Ian: Yeah, so it was more what I was really looking for at a university at a college was obviously a good education. That was number one. But I was also playing soccer competitively. So, I found William Jewell College because it offered a really good education, and then also a very good study abroad program. In addition to that, they offered me a pretty good scholarship to play soccer. So, for those reasons, it felt like a good fit.

 Paige: And how far was the school from your house?

 Ian: It was about three hours driving from the city where I grew up in. It's very common for United States college students to live away from home—to be living on campus where they're going to college. So, it’s very typical to hear of someone who, maybe they go to university on the other side of the country, or a couple states away. Maybe It's a long drive, but it's very common to be living on campus, as opposed to everyone living with their parents. What about you? Tell me about your university experience.

 Paige:  Pretty similar. I went to a private college, very small liberal arts, which they don't really have here. I think there's, like, it’s a new like thing here. Liberal arts is basically, you have all these requirements, where you have to, you know, take a class in philosophy, you have to take a class in the arts and history, math and science. So, you basically have a degree in just, like, everything, and then you major in a specific degree. So, you have you have a lot of requirements, but it's called Holy Cross. It's a small, liberal arts Catholic school, about two hours west of Boston. So, I ended up staying in the same state that I grew up in, which was not the plan. I think I applied to a bunch of schools, like California, just like all over. I was very excited to leave. But I got a scholarship for track. And Holy Cross is a very academically prestigious school. You know, I got a big scholarship and I was like, I can't really not go.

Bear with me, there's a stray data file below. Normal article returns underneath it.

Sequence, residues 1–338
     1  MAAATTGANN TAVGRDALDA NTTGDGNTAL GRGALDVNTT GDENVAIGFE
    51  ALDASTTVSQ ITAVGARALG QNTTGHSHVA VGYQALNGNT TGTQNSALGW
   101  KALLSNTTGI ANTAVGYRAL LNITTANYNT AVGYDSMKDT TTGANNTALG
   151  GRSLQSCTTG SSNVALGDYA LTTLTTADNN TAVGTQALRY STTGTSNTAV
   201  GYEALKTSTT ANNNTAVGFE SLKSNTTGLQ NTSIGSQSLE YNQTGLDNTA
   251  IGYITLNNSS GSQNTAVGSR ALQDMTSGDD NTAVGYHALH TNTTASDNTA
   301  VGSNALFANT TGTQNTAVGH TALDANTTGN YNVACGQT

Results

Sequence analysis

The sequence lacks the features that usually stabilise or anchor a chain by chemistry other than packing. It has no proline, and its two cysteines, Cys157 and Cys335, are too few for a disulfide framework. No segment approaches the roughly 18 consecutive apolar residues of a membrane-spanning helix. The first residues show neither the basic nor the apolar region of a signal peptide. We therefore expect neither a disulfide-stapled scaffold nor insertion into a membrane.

Ian: Sure, can't pass up that opportunity.

 Paige: Yeah, yeah. So, I went but Holy Cross about three thousand (students). So just a little bit bigger than yours, but it's the same. You do something embarrassing on the weekend, you will see them at brunch in the dining hall.

 Ian:  Yeah, yeah, with your face red and trying to hide in the other corner.

 Paige: What's funny, though, is my school is officially called College of the Holy Cross. So, in the northeast, people know of it. But when you travel anywhere, and you say that, people are like, “are you a nun? Did you study the Bible?” And it's funny, I always get asked if I'm, like, super religious, if I studied theology. It definitely has, like, the Catholic feel—the architecture of it is very beautiful. And we have a pretty church, but not a lot of people are religious there. So, it is funny. “Are you a nun?”

 Ian: Did you go to the convent? Yeah, how funny.

 Paige: What did you major in, in college?

 Ian: So, I majored in Business Administration with a minor in entrepreneurial leadership—how to start a startup, how to develop innovation, things like this. But I ended up working more in marketing when I got out of university. So, my experience is more in that field than business administration itself. And what about you?

 Paige: Since I went to a liberal arts school, we had very generic majors. We didn't have professional majors. Like, you couldn't be a nurse or a lawyer, you know, any of those kinds of tracks. So, I studied philosophy, actually.

 Ian: Wow, look at you. You must be quite the deep thinker then.

 Paige:  And I kind of fell into it. I applied to all journalism schools when I was in high school. But then, llike I said, I got the scholarship and went to the only school that didn't have my major. And I thought, oh, I need to pick a major that has a lot of writing and, like, debating and communications. So that was the closest major I could find. So, I majored in international relations and philosophy. And then right after I graduated, I immediately went to graduate school for journalism.